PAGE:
Thaye Dorje, His Holiness the 17th Gyalwa Karmapa, was born on 6th May 1983 in central Tibet. His parents were the great Nyingma lama Mipham Rinpoche and Dechen Wangmo. As soon as he could speak, he told them he was the Karmapa. The Karmapas are the leaders of the Karma Kagyu lineage of Tibetan Buddhism.
In March 1994, in accordance with the 900 year old tradition, Thaye Dorje was enthroned as the 17th Karmapa. His Holiness the 14th Kunzig Shamar Rinpoche, the second most senior Karma Kagyu lama, enthroned him. The 14th Shamarpa, Mipham Chokyi Lodro, was himself recognized by the 16th Karmapa and His Holiness the Dalai Lama in 1957 and officially enthroned in 1963. Kunzig Shamar Rinpoche passed from this life on 11 June 2014.
The first Karmapa, Dusum Khyenpa, was born in 1110. The first Dalai Lama, Gendun Drub, was born in 1391. The Karmapa leads the longest unbroken chain of reincarnated leaders among the four schools of Tibetan Buddhism.
Karmapa escaped from Tibet in 1994. In 2003, his formal education was completed when he received the title of Vidyadhara, or Knowledge Holder of the Sutras and Tantras.
Today, Karmapa travels extensively, meeting students, young people, world leaders, and leading lights in the fields of spirituality, peace, conflict resolution, and education. Karmapa has the spiritual responsibility for over 900 monasteries and meditation centres around the world.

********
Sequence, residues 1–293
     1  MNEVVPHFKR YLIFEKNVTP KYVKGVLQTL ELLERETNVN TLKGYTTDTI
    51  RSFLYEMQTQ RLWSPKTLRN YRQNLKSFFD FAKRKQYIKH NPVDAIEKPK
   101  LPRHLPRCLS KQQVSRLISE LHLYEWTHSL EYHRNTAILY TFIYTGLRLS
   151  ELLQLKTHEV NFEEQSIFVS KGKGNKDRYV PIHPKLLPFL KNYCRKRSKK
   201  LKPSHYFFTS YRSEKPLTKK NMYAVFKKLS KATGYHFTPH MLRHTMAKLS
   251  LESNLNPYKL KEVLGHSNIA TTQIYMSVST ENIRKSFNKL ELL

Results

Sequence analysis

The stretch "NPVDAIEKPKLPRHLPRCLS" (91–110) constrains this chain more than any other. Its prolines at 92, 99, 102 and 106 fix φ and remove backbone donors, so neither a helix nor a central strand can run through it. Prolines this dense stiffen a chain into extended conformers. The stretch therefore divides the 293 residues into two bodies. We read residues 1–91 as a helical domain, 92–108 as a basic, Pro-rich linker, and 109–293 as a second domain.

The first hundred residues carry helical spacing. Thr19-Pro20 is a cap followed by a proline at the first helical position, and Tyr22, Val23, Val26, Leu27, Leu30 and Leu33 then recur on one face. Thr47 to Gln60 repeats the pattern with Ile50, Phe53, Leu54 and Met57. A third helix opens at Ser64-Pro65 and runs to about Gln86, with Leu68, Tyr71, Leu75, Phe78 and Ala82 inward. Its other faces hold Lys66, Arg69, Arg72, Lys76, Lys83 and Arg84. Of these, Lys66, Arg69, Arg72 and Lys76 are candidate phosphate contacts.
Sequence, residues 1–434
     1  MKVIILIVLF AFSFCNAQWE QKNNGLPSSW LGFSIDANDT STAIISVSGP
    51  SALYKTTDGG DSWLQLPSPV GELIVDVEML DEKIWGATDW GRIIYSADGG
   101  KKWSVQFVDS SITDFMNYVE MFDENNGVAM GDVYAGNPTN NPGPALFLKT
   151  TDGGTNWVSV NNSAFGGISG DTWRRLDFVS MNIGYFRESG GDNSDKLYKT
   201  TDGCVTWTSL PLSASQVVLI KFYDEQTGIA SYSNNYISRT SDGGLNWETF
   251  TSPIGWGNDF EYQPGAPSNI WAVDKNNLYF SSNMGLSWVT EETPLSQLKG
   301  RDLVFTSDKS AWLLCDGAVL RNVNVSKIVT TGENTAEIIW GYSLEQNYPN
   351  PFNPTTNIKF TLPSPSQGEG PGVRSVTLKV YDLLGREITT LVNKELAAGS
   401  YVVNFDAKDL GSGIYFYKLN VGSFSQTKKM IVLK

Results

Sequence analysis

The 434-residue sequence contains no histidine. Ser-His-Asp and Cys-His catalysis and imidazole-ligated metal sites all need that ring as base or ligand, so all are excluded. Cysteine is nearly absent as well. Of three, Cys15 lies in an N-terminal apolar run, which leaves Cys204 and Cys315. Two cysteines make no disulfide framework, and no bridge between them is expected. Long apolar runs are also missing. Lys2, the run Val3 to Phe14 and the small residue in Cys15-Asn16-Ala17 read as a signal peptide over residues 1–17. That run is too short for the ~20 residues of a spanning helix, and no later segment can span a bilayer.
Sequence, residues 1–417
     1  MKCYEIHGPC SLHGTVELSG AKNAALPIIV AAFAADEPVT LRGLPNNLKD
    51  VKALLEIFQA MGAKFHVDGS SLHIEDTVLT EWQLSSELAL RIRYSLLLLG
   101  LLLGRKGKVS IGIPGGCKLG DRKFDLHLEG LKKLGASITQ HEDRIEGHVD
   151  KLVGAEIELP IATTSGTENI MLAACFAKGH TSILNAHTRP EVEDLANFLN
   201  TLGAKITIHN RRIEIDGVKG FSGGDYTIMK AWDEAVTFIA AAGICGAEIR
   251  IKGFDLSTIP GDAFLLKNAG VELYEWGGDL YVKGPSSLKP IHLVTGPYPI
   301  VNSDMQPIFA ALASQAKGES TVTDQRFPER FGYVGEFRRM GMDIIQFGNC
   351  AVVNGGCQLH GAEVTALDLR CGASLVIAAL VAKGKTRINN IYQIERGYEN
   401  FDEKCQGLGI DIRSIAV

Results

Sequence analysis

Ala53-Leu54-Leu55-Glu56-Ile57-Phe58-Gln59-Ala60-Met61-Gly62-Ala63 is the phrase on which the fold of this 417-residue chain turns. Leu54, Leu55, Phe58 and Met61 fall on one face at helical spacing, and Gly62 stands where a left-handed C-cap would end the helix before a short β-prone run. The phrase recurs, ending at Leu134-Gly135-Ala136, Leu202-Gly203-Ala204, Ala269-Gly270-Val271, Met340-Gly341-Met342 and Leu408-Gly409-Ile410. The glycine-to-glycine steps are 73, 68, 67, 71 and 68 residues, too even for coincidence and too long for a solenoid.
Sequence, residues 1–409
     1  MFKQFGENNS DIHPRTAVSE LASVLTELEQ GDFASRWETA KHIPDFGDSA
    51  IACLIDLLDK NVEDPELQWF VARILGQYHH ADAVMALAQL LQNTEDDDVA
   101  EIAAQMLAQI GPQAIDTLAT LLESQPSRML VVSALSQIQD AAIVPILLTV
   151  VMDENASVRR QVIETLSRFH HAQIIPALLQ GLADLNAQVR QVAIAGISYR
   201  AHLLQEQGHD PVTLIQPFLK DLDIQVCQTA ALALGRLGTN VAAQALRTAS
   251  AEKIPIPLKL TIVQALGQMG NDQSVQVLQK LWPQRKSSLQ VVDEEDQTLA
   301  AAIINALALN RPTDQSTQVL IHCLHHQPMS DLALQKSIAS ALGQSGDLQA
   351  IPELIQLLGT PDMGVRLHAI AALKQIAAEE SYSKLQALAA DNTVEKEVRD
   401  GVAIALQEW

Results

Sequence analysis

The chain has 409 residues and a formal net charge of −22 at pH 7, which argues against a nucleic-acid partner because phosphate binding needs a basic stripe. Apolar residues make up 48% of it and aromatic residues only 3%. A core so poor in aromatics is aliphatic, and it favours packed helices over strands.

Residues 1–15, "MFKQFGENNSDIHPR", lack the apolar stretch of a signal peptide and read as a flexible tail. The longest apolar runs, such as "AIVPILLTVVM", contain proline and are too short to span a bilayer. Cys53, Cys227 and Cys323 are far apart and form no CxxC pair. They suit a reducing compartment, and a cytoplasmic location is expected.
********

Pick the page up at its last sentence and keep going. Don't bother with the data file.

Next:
Trinley Thaye Dorje means Limitless Unchanging Buddha Activity. He resides in Delhi, India.
I personally believe that our family -- be it our immediate family or other forms of family -- represents the ideal environment to begin our cultivation of compassion. Regardless of our cultural background or social status, our family is the most fertile soil in which to grow our inherent seed of compassion so that it flourishes. It cannot grow without this fertile soil of the family.
Think bigger than Material Wealth alone. There are great riches inside of you. If you can invest in your Inner Wealth, I think it could really help you lead by example, and live up to the responsibility that has been placed on your shoulders. The future of the nation, and in many ways, the future of the world is influenced by the choices that you make now.
From a Buddhist perspective, we have a broader view of the types of wealth that exist. There is material wealth, but there is also inner wealth. Inner wealth is timeless, and in this sense it is the opposite of material wealth. Inner wealth is the rich pool of compassion, wisdom and other non-material values that lies within us. All of these values are in front of us, within us, but because we lack the experience of drawing upon inner wealth, we tend to look to the outside too easily.
In Buddhist terms, all of the problems in our society stem from a lack of understanding, a fear of the unknown. When we challenge this ignorance through logic, through reasoning, through tapping into our boundless internal resources of wisdom and compassion, we manifest hope - not just for ourselves, but for our world.